Street Food Export

A section of diners in Malaysian Food Street food court
at Resorts World Sentosa, Singapore
While listening to a Singapore radio channel, I heard a chat between the two hosts about a weekend visit to a restaurant in Gelang Patah in Johor.  They are clearly connoisseurs of good food as they described the dishes and even before they mentioned the name of the restaurant, I knew they were talking about a particular seafood place that served fresh seafood that can be cooked to order.  Their food experience was so good that they were determined to go to this Gelang Patah restaurant again and order another variety of items from their menu!

For a long time, our neighbours in Singapore have been travelling across the Causeway to enjoy good food in Malaysia and they can go as far as Malacca for Peranakan cuisine or even Gurney Drive in Penang for a good char koay teow.  It is common knowledge that when Singaporeans learn about good food in Malaysia, they will make every effort to find their way, no matter how obscure, to savour it.  In fact, it is also part of the Singaporean psyche to join a long queue to buy any food item if it is reputed to be tasty!

Klang Bak Kut Teh is now in Singapore!
Every weekend, Johor Baru welcomes hordes of visitors who flood our city for a taste of good local food.  Food courts appear to be their favourite destinations because it offers a variety of food all in one place.  The traffic congestion in Taman Sri Tebrau on Saturday and Sunday evenings is proof of how our visitors enjoy their meals at the popular food centre and like to round off their meal with dessert of seasonal fresh fruits from nearby stalls.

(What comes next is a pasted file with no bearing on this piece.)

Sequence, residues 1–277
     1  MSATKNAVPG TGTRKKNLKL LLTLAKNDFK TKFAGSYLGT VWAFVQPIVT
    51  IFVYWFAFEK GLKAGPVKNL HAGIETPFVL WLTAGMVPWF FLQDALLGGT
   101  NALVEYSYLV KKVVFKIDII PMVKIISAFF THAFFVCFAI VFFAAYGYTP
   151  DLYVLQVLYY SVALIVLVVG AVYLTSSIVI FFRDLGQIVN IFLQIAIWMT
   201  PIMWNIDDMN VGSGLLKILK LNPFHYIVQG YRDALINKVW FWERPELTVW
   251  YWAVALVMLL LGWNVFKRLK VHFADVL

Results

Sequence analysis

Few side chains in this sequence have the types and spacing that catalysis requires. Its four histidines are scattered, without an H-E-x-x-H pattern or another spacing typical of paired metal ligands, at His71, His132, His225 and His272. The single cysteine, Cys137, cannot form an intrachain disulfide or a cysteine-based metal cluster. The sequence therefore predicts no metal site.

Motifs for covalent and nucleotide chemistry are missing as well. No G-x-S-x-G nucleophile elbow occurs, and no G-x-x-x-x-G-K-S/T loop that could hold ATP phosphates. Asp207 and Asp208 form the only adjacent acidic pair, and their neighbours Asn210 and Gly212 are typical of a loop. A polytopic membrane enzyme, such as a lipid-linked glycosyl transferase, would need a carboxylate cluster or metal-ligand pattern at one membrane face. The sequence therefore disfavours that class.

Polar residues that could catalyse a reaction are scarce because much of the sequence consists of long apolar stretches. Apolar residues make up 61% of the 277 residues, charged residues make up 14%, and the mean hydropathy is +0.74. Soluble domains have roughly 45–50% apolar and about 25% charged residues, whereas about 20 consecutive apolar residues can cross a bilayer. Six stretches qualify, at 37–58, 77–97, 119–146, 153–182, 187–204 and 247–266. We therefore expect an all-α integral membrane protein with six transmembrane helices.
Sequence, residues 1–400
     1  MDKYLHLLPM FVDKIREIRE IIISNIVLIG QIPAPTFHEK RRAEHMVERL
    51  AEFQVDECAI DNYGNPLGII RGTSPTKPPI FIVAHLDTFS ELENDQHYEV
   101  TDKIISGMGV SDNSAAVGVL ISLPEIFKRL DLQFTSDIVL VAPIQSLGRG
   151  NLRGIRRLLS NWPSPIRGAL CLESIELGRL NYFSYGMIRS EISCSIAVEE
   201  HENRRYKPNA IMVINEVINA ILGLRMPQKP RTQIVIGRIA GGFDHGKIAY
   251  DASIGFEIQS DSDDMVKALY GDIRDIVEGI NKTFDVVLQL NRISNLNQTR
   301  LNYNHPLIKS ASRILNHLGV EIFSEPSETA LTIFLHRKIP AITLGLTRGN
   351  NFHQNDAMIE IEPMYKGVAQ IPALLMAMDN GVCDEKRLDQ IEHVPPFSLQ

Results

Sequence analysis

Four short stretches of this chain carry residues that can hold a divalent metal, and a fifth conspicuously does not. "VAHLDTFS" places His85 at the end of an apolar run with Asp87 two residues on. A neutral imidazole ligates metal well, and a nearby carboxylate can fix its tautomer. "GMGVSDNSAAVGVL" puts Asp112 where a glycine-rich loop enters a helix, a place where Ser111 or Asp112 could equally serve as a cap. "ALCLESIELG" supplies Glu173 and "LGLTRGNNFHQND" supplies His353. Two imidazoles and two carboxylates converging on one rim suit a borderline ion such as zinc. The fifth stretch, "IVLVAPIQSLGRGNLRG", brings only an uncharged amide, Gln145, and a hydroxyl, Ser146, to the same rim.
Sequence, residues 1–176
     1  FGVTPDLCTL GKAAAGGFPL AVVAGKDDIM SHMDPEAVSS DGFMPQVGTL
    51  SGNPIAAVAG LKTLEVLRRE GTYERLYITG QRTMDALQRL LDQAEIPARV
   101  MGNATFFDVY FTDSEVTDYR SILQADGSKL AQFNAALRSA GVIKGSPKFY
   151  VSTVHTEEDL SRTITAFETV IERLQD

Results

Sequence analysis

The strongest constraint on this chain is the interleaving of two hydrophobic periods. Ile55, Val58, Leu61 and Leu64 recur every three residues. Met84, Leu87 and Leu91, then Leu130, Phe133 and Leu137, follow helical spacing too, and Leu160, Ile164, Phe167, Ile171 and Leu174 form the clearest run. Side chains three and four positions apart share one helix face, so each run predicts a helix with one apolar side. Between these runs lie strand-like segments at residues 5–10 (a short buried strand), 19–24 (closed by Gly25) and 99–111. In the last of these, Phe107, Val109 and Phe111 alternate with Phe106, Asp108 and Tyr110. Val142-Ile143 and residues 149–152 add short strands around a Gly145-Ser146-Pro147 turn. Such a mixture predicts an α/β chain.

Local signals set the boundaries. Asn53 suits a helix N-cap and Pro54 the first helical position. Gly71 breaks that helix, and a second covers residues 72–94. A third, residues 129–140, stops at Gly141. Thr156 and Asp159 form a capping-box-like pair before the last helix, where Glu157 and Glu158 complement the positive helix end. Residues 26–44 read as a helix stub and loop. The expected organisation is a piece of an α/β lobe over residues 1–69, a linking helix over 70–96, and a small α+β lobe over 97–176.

As more shopping malls are established in the city suburbs, our visitors are now heading to adjacent food destinations in areas like Taman Sutera Utama, Taman Bukit Indah, Taman Desa Tebrau and Taman Mount Austin.  The number of cars bearing foreign registration plates parked in and around the malls is a clear indication of the popularity of these destinations among Singaporeans.  In fact, the prolific sharing of information and photos through social media about what’s good to eat in Johor Baru is doing our merchants a big favour and helping to boost our economy!

Entrance to Malaysia Food Street at Resorts World
Sentosa, Singapore, adjacent to Universal Studios
Historically Malaysia and Singapore used to be one country and since we share more than a common culture and heritage, it is not surprising that we also know how to appreciate the same good food.  For instance one of our favourite meals, Roti Canai, is called Roti Prata in Singapore but it’s still the same freshly made fragrant Indian bread that we eat with a side of curry.  
Someone tried to start a debate about which food originated from Malaysia or Singapore but it’s really not important because we all love our chicken rice, popia, satay, char koay teow and mee goreng mamak.

Malaysia Boleh food court in Jurong Point Mall, Singapore